Part 3 of our series on Goals for CX Management
Customers have ever increasing expectations when they interact with companies. The US Office of Consumer Affairs in a 1976 study of US consumer satisfaction found that expectations of many customers were not being met because of out of stock products, less than desired quality, and weak customer service. Consequently, many companies introduced increased adherence to quality customer service principles in an attempt to eliminate all of the disappointing variables. Surprisingly, in a 2013 National Customer Rage survey, customer satisfaction was even lower than in 1976.
Even though companies had invested significant resources to improve customer experiences, the increasingly higher level of expectations customers had posed daunting challenges for companies. In other words, expectations are dynamic and will shift, and therefore, companies must be observant and vigilant about them. What this means is that the shifting dynamics of expectations have to be continuously adapted to. To meet, and perhaps exceed expectations, companies must be authentic.
Nordstrom is a classic example of a retailer who exceeds expectations. They have a “no questions asked” policy for returns at any time. In their early years, Nordstrom even refunded a customer’s money for the tires that the customer did not want. And Nordstrom never sold tires! They mean it when they say “Bring it back for a full refund or replacement.” It is no wonder that they rank among the highest in many third party assessments of customer satisfaction research. They are perceived to be authentic in their promise. It is noteworthy then that authenticity has become the prevailing purchasing criterion.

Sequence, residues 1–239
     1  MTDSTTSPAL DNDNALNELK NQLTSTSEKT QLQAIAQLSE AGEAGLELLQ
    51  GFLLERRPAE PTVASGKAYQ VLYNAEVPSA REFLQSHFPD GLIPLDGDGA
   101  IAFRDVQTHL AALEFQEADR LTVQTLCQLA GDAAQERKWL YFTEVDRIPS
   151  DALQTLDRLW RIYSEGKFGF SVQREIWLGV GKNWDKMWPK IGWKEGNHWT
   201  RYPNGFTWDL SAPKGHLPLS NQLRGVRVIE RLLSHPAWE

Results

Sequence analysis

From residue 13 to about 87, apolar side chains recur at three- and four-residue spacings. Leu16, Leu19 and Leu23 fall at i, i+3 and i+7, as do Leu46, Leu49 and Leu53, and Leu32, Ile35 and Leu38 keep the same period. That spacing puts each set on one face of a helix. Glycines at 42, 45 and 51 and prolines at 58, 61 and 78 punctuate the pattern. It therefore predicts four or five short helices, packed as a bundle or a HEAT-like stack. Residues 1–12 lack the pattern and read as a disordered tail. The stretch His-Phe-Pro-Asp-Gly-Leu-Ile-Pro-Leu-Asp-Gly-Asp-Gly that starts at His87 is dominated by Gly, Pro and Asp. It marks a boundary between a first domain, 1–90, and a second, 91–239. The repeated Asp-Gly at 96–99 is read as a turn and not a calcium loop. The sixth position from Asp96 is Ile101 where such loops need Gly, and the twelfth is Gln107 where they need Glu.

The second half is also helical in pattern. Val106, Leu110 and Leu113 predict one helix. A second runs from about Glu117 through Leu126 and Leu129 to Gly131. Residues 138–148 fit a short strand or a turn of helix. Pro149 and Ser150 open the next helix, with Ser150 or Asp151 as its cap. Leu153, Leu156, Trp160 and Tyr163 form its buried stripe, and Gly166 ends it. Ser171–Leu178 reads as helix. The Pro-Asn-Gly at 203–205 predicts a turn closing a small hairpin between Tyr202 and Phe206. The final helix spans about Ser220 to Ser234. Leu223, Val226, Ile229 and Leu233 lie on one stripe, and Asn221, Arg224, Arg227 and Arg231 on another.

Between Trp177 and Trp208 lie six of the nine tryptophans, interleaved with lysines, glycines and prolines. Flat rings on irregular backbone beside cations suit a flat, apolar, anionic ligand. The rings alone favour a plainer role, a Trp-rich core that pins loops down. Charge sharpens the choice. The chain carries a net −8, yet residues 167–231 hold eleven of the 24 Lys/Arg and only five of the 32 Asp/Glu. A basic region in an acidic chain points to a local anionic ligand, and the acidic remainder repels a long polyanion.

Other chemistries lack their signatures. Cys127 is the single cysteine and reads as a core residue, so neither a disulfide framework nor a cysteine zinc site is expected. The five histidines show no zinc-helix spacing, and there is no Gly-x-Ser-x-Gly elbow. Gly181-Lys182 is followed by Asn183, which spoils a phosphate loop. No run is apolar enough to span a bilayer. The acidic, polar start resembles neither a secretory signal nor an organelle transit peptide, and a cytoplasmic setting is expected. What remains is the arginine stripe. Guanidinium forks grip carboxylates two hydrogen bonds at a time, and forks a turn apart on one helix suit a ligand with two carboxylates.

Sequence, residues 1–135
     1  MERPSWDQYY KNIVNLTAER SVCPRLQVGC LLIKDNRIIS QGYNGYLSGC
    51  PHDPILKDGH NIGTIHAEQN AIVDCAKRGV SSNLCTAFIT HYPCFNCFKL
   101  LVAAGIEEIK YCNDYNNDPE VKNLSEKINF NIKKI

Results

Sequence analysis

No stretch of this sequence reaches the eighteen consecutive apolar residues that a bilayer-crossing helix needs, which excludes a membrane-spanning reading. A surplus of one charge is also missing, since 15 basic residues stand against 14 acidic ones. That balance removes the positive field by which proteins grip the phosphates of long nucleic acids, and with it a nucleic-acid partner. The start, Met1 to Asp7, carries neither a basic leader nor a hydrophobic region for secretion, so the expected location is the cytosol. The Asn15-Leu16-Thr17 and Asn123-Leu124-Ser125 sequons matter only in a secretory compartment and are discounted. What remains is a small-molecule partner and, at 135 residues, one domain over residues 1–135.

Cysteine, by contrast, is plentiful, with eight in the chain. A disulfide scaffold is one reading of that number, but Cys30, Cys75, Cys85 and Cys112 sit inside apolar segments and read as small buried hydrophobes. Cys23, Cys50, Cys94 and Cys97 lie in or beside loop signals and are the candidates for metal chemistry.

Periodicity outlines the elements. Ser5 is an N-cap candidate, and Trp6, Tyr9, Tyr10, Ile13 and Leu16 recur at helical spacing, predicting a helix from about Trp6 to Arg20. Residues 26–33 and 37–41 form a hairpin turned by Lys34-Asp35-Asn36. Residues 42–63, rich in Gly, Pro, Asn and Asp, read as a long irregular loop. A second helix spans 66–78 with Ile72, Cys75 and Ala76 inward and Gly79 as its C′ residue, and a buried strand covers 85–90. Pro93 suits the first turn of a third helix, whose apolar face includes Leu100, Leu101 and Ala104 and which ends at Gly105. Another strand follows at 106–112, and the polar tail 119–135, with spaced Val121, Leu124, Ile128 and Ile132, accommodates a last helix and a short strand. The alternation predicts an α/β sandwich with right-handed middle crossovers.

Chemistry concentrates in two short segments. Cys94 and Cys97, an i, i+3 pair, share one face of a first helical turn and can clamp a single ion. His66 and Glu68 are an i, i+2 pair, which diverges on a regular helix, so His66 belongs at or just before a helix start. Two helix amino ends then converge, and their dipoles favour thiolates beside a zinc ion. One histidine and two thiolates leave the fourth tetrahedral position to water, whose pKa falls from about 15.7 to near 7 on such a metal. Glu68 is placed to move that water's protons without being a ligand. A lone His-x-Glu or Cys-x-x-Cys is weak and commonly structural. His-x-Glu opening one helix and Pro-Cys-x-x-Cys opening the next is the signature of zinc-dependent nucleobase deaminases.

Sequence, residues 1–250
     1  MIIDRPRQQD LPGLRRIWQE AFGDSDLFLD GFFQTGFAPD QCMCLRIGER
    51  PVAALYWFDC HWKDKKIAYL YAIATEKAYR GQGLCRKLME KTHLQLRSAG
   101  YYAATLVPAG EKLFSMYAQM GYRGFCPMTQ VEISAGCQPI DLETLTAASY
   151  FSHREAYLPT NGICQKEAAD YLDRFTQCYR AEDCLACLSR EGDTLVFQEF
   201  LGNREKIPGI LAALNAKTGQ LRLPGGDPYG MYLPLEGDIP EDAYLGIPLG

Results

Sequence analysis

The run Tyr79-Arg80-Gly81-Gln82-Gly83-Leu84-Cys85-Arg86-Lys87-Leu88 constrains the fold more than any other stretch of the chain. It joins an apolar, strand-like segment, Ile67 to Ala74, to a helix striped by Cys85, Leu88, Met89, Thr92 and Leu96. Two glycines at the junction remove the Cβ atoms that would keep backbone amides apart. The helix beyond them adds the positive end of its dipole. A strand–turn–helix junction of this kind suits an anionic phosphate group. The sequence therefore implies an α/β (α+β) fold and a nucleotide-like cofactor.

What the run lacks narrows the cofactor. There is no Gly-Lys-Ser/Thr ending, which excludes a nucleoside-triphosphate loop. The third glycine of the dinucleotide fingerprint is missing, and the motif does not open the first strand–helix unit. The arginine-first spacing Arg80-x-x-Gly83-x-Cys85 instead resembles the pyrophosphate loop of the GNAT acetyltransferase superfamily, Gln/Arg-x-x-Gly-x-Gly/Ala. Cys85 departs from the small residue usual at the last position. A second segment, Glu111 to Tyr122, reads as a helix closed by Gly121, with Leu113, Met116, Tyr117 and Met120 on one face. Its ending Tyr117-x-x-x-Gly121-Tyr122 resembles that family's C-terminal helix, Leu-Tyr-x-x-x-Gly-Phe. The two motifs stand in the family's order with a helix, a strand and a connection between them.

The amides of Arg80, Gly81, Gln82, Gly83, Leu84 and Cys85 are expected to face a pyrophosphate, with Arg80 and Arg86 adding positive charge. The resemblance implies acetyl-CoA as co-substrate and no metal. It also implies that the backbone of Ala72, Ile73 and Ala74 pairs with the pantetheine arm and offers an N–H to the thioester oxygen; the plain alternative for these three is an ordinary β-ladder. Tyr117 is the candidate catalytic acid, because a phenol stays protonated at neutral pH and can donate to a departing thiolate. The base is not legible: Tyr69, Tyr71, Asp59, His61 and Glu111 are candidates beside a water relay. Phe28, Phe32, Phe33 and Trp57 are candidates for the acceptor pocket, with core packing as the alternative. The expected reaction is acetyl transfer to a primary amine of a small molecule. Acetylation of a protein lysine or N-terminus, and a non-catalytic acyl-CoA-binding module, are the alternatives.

Higher levels of expectations have arisen from the democratization of information. Access to information is not monopolized; all customers now have access, and they also have the power of their voices that can be “megaphoned” through social media channels. With this level of empowerment, companies have to adopt CX strategies and create a customer responsive culture as an organization engine which is fueled by continuous attention to every interaction between customers and organizations with which they do business.
“Are customer expectations being met?” should be a relentless question, followed with “Are we perceived as authentic in everything we say we do and in how we do it?”
Meeting customer expectations should be the cornerstone of a relationship-building strategy. It is the cornerstone of building trust.
Best Practice Questions to Ask Your Organization
- Do all our associates understand our journey maps and all touch points?
- Do we know the needs of our customers?
- Do we understand the characteristics of the types of customers we serve?
- Do we have explicit customer centric policies?
- Do associates understand what it means to be authentic?
- How would we know expectations are met?
- Do we provide internal feedback to build trust?
- Do we respond to customers to build trust?
- Do we have a defined written statement on what we think our targeted customer’s experience should be?
- How are we measuring and improving engagement with customers at an individual level?
This post was created by Mohamed Latib, Ph.D., of CX University–a training organization tailored to provide the on-the-go professional development in the CX discipline–and formerly of Opinionmeter, a company dedicated to helping organizations conduct effective, impactful customer experience programs for over 20 years. To learn more about CX University, please click here. To learn more about Opinionmeter’s unique mix of technology and best practice guidance, please visit Opinionmeter.com.